• Accounts not matching industry norms (e.g., higher expenses or capital levels than the sector average) 
  • Sector that HMRC decides to focus on in that tax year 
  • Omissions and errors 
  • Years of not generating any profits 
  • Having offshore bank accounts 
  • Generating profits from a property 
when figures fluctuate significantly in tax returns, HMRC is quick to note and act

Upon receiving a tax investigation letter or phone call, taxpayers should recheck HMRC’s reasonings and not accept them by face value since they may not be accurate at all times. It’s a wise move to consult tax investigations service professionals first before agreeing to meet with HMRC. 

What Are the Types of Tax Investigations and How Long Do They Take?

Here is the HMRC tax investigation time limit and the types of investigation the tax authority performs:  

Full Enquiry 

During a full enquiry, HMRC performs a thorough review of all business’s records. This is usually done when HMRC suspects there’s a high chance of a mistake in the tax calculations. For companies with limited liability, HMRC might closely look at both the financial matters of the business and the tax affairs of its directors. In a full enquiry, HMRC focuses on cases where they believe significant errors might exist in the tax return.  

A full enquiry can last for at least a year, and in complex cases, it might extend even longer. The duration of this tax investigation depends on how extensive the tax authority’s examination is and the amount of paperwork involved. It might take a few months or even up to a year to complete. HMRC might extend the investigation further by requesting additional information. 

Aspect Enquiry 

In an aspect enquiry, HMRC examines a specific part of a business’s finances accounts and requires more detailed information. This could involve investigating inconsistencies found in a particular section of a recent tax return. Generally, the outcome of this enquiry reveals unintentional mistakes or misunderstandings rather than intentional efforts to evade taxes. 

Since this type of investigation examines only a portion of the tax return, it usually takes around 3 to 6 months. However, it’s worth noting that taxpayers should take this type of enquiry seriously, treating it with the same level of importance as a full investigation.  

Random Check 

As the name implies, random checks can occur without any warning, regardless of the state of a business’s financial records or whether any alerts have been triggered. This type of enquiry is purely based on chance. HMRC selects a sector entirely at random for investigation.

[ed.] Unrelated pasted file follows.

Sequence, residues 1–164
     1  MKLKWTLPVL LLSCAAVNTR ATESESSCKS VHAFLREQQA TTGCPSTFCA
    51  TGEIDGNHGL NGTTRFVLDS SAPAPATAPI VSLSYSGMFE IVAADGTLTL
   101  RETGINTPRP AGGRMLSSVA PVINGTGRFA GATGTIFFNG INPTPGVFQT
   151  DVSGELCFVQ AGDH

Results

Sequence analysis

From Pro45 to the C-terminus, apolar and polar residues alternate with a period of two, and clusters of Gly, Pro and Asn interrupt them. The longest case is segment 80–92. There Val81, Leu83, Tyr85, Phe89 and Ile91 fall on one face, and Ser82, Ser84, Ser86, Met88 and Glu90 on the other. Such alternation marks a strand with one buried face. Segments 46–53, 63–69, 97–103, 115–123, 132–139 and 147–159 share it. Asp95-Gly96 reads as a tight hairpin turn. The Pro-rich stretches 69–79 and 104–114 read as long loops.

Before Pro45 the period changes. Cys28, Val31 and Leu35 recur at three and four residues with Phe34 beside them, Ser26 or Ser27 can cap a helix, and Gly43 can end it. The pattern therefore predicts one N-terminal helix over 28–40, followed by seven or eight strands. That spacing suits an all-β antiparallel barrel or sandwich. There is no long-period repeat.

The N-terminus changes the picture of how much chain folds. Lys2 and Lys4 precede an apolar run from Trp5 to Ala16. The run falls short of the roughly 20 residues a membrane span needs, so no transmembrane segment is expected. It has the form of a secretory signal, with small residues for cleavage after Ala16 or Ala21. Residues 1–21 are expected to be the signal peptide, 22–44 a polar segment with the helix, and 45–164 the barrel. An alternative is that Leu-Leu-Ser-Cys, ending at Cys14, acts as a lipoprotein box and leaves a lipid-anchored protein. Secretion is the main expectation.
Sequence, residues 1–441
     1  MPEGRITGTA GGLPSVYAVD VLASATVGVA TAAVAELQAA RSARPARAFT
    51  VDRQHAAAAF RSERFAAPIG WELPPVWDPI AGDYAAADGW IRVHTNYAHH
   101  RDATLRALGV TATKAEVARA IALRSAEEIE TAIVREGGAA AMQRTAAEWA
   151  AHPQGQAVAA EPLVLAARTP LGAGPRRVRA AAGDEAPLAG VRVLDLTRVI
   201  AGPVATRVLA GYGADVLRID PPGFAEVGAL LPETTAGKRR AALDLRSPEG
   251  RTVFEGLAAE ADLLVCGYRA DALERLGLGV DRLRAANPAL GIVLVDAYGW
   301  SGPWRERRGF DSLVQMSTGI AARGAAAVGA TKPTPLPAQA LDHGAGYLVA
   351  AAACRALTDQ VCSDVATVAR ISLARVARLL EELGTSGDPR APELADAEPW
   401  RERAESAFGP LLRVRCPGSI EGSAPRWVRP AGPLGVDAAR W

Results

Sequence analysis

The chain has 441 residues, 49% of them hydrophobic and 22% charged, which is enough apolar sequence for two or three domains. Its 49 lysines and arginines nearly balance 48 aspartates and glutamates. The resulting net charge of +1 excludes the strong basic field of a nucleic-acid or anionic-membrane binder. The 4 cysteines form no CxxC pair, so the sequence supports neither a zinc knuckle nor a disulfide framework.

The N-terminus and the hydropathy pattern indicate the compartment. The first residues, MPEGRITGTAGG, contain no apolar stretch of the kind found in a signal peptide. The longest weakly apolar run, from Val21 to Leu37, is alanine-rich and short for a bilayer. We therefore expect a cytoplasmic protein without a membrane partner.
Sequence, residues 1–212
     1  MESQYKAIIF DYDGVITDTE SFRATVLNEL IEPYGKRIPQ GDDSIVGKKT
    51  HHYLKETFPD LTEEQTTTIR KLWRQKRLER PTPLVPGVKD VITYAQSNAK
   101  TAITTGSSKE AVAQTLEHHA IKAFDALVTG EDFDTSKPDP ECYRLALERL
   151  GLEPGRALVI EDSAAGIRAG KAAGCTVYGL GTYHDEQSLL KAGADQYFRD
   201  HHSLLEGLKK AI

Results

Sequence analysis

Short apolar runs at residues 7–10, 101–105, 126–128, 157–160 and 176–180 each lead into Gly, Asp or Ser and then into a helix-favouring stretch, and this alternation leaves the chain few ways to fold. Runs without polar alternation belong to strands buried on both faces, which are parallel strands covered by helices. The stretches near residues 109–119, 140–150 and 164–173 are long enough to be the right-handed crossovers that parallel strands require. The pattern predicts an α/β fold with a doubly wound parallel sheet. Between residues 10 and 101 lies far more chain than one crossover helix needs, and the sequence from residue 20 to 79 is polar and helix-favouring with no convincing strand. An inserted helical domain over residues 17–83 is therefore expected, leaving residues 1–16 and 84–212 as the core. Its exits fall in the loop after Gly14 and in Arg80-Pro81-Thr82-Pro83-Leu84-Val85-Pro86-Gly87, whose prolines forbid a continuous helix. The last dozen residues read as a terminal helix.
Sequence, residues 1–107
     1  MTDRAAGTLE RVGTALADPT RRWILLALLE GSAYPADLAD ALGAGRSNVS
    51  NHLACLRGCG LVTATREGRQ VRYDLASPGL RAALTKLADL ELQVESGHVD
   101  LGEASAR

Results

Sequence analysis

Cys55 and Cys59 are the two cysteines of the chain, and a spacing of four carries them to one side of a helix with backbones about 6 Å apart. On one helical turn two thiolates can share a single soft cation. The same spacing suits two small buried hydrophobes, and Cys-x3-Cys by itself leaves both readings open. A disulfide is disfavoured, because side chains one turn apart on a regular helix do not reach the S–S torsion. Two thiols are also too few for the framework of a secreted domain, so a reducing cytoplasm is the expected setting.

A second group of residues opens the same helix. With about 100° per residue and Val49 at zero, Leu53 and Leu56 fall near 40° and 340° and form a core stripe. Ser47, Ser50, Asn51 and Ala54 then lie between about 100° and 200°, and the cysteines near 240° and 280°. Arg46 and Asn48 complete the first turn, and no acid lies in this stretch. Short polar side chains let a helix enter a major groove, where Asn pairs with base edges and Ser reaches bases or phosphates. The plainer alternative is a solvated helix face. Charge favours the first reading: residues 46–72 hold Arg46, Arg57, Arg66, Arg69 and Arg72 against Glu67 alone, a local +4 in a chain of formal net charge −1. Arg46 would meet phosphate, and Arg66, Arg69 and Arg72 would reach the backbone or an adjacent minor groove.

Unfortunately, there is no set time limit for HMRC to complete a random tax check. The investigation comes to an end when HMRC makes a decision regarding the tax claim for that specific year. This could be a relatively quick process lasting a week or two, or it could stretch over several years of ongoing investigation. 

HMRC Criminal Investigation Tax Policy 

In most cases, HMRC addresses suspected fraud through a civil investigation, but they can also carry out criminal investigation under various circumstances. These include instances where there are suspicions of intentional concealment, defraud, corruption, money laundering, or the discovery of forged documents. 

When a tax investigation by HMRC reveals intentional wrongdoing by the taxpayer, the case might be escalated to a criminal status. If taxpayers receive a notification of being under investigation following Code of Practice 9, it signifies that HMRC is pursuing a criminal inquiry, and legal action is likely. 

HMRC investigates not only clear cases of fraud or criminal behaviour but also examines various innocent actions that may appear questionable until properly explained. This could include situations like having disproportionately high expenses compared to income or consistent tardiness in submitting tax returns. The extent of their investigation might also be influenced by the level of suspicion. 

Taxpayers facing suspicion of intentional tax fraud have the option to engage in HMRC’s Contractual Disclosure Facility (CDF). This allows them to admit to any deliberate misconduct related to tax within 60 days of notification. By doing so, suspected “fraudsters” can avoid criminal charges. 

When a business voluntarily discloses errors or offences, HMRC takes this into favourable consideration when deciding between a civil or criminal investigation. Criminal convictions are relatively uncommon, except for proven cases of fraud. Typically, penalties involve fines for minor offences or repayment of owed taxes.